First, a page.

When compared with other departments, the SPD overtime budget alone is (see Figure 1):
1.7x larger than the Department of Neighborhoods.
1.9x larger than the Office of Arts and Culture.
2.5x larger than the Office of Economic Development.
4.3x larger than the Office for Civil Rights.
4.3x larger than the Office of Labor Standards.
7.5x larger than the Office of Immigrant and Refugee Affairs.

Figure 1: 2020 SPD Overtime Budget Compared to Select City of Seattle Departments

Source: Seattle City Council Select Budget Committee, “Seattle Police Department Budget Overview,” Presentation by Greg Doss, Central Staff, June 10, 2020, available here. Seattle City Budget Office, "2020 Adopted Budget," available at this link.
Here’s another way to think about how outsized the SPD overtime budget is. Consider that it is more than three times larger than the budgets for all three of the police accountability entities combined (Figure 2).

Figure 2: 2020 SPD Overtime vs. Budget for Accountability Entities

Source: Seattle City Council Select Budget Committee, “Seattle Police Department Budget Overview,” Presentation by Greg Doss, Central Staff, June 10, 2020. Seattle City Budget Office, "2020 Adopted Budget".

When compared to each of these accountability entities, the 2020 SPD OT budget alone is (Figure 3):
6.4x larger than the Office of Police Accountability.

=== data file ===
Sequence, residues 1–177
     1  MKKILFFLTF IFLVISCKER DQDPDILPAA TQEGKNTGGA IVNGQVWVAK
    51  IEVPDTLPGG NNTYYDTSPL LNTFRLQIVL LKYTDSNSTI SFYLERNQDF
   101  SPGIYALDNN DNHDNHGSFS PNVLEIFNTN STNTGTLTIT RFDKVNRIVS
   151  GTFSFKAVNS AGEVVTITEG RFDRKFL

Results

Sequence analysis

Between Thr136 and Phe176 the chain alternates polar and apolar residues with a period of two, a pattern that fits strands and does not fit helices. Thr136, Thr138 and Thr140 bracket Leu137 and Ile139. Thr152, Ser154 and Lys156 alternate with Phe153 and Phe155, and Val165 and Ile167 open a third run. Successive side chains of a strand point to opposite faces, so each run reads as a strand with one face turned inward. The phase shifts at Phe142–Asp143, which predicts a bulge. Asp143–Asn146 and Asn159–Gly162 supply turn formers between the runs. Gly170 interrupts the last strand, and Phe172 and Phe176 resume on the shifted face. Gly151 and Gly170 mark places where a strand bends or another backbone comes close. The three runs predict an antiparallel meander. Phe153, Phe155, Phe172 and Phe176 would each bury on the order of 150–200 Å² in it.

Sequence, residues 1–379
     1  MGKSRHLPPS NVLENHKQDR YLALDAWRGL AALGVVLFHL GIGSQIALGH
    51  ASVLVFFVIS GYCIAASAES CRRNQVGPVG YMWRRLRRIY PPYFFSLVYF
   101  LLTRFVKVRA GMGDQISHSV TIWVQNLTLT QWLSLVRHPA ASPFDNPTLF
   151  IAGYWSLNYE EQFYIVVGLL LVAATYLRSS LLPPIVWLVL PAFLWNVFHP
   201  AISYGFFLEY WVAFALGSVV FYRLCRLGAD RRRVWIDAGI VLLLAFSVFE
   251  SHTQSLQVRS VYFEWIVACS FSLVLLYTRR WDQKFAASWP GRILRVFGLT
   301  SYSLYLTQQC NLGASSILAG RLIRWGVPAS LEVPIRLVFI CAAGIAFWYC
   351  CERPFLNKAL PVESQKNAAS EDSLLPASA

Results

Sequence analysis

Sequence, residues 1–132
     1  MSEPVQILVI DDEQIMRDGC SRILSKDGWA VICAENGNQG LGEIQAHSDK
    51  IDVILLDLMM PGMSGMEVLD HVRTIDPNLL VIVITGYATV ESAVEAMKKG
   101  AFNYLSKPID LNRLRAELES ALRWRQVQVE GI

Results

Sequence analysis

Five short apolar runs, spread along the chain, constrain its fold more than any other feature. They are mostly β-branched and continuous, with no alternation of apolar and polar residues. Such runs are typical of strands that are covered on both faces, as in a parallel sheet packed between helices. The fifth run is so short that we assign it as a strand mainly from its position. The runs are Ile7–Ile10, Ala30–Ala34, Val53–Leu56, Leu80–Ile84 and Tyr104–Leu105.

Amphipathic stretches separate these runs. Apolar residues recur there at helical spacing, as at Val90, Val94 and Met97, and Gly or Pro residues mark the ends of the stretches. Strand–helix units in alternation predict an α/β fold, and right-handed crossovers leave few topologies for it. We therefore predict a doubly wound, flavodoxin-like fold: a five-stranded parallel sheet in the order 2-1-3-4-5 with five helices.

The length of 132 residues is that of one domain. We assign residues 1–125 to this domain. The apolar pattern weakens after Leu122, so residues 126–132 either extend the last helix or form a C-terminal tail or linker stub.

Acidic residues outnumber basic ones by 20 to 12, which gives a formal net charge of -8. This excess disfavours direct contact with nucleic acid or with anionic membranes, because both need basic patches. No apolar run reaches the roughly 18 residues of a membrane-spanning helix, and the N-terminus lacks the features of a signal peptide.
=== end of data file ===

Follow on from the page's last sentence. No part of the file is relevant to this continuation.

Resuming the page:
11.3x larger than the  Office of Inspector General.
16.2x larger than the Office of Community Police Commission.

Figure 3: Budget for Accountability Entities vs. SPD Overtime Budget, 2020

Source: Seattle City Council Select Budget Committee, “Seattle Police Department Budget Overview,” Presentation by Greg Doss, Central Staff, June 10, 2020. Seattle City Budget Office, "2020 Adopted Budget".

History of SPD Overspending its Overtime Budget

The SPD regularly exceeds its overtime budget by millions of dollars. The problem of SPD overtime overspending is well-documented. A 2015 memo from the Seattle City Council’s Central Staff states plainly: “Overtime has been a significant budget issue for SPD for decades.” Data from that report shows that between 1995 and 2014, in all but one year, the SPD exceeded its overtime budget by anywhere from 1 percent (in 2010) to 64 percent (in 2014) (Figure 4).


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Figure 4: SPD Overtime Budget vs. Expenditure, 1995-2014*

Source: Seattle City Council, “4th Quarter 2015 Supplemental Budget Package,” Legislative Department Memorandum, December 4, 2015, (pp. 5-6).

*The over/under budget amount for the years 1999 and 2014 differ from the data in the original memo as a result of what appears to be mathematical errors in the latter that have been fixed here.
A 2016 audit of the SPD, requested by then-police chief Kathleen O’Toole in late 2014,[ii] concluded that overtime budget overages were in part a result of problems with internal controls on overtime, including:
  • lack of guidance to supervisors about when overtime should be authorized
  • inadequate and inconsistent monitoring and oversight of the overtime process
  • insufficient process for review of overtime requests to identify unnecessary use of or abuse of overtime
  • a lack of a mechanism to track off-duty work hours (off-duty work affects overtime usage because an officer taking leave to work off duty requires another officer to backfill for the employee on leave).
According to the City Auditor, these led to overtime errors and inefficiencies, including 400 potential duplicate payments for overtime hours in 2014 that totaled more than $160,000.